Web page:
Tortoise, Vienna WUK, 21 November 2010
The last time I saw Tortoise it was through a haze of sleep deprivation and alcohol at the 2008 Donaufestival, when they (or, more likely, the event organizers) made the audience wait until 1.30am before coming onstage. November’s altogether more civilized appearance kicked off at 8pm and was over by 10; other than that, it was business as usual for the Chicagoans. That’s not in any way a criticism; it’s actually rather miraculous that Tortoise are still with us after all these years, still serving up their effervescent and irresistible blend of jazz, funk and instrumental rock. There’s an unflappable confidence to what Tortoise do, a sense of quiet authority that is reflected in the ease with which the group members take over each others’ instruments and carry on playing. Mapped out by the meshing interplay of the drums, vibraphone and keyboards, Tortoise music resembles an endless highway, teeming with interest and pleasure at every turn.
Broken Heart Collector, Vienna Rhiz, 30 November 2010
The Rhiz was packed out for this appearance by what, as far as I can make out, is a fluid unit consisting of fun-loving improv-noise-rock trio Bulbul together with Maja Osojnik on vox and devices and Susanna Gartmayer on reeds. Bulbul seem to relish being fronted by slightly unhinged female singers: cf. 2008’s gig at the Rhiz at which the group gave repeated depth and colour to Carla Bozulich’s angular vocal interventions. Osojnik was, if anything, an even more arresting presence than Bozulich had been, while her dramatic and surreal texts were thrown sharply into focus by Bulbul’s splintering sonic constructions and Gartmayer’s restlessly agitated reeds work.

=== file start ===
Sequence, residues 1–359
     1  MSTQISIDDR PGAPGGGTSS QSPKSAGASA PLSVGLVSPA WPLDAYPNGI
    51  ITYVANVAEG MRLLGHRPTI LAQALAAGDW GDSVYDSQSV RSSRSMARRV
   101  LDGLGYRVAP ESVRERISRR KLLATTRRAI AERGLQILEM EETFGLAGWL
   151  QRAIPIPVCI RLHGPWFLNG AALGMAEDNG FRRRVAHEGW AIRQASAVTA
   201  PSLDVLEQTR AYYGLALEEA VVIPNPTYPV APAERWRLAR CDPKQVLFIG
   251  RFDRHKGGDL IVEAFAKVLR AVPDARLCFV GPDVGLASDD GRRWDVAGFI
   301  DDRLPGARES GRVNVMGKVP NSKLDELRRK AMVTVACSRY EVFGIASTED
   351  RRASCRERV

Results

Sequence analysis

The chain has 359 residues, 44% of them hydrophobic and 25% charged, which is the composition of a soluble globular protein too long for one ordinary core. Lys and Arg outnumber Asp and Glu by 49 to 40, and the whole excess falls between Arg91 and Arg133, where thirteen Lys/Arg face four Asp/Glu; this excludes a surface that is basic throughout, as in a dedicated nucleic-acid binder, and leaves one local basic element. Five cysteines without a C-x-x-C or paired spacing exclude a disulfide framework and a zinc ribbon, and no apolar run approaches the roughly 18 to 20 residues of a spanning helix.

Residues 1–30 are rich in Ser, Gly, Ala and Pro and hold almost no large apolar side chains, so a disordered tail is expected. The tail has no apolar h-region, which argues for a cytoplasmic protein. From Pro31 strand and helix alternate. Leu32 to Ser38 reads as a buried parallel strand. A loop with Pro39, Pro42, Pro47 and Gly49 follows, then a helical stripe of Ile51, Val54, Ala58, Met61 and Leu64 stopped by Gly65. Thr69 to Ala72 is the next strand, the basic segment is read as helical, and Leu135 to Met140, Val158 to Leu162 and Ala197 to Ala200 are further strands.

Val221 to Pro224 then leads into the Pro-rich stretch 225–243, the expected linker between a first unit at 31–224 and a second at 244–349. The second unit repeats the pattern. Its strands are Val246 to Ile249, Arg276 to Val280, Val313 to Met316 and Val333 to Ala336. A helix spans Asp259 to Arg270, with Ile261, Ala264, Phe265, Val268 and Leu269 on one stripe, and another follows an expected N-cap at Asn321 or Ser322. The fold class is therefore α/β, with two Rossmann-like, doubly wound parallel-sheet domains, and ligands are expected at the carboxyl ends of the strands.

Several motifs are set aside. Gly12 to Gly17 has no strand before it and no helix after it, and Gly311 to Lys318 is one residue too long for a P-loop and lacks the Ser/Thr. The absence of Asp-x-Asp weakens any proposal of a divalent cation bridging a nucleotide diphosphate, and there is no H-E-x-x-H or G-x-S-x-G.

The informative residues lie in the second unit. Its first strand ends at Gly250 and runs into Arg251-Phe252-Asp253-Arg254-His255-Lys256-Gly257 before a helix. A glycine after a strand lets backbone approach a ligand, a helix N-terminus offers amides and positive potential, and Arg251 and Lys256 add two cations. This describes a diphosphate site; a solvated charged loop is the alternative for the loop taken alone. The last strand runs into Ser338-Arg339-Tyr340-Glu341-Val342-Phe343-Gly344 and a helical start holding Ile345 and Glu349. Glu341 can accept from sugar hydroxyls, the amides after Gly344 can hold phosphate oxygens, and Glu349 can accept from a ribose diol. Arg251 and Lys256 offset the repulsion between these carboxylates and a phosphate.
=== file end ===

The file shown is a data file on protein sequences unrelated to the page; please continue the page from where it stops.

David Murobi took his customary great photos of the gig which you can see here.
These pages are backed up because there has been so much going on lately. Normal service will be resumed as soon as possible. Backtracking…
My second and last visit to the 2008 Donaufestival was a far more positive and pleasant experience than the previous one had been. The evening opened at the Minoritenkirche with Universalove, a film by Thomas Woschitz with a live soundtrack by Austrian alt-rockers Naked Lunch (for more on whom, see my March 2007 column).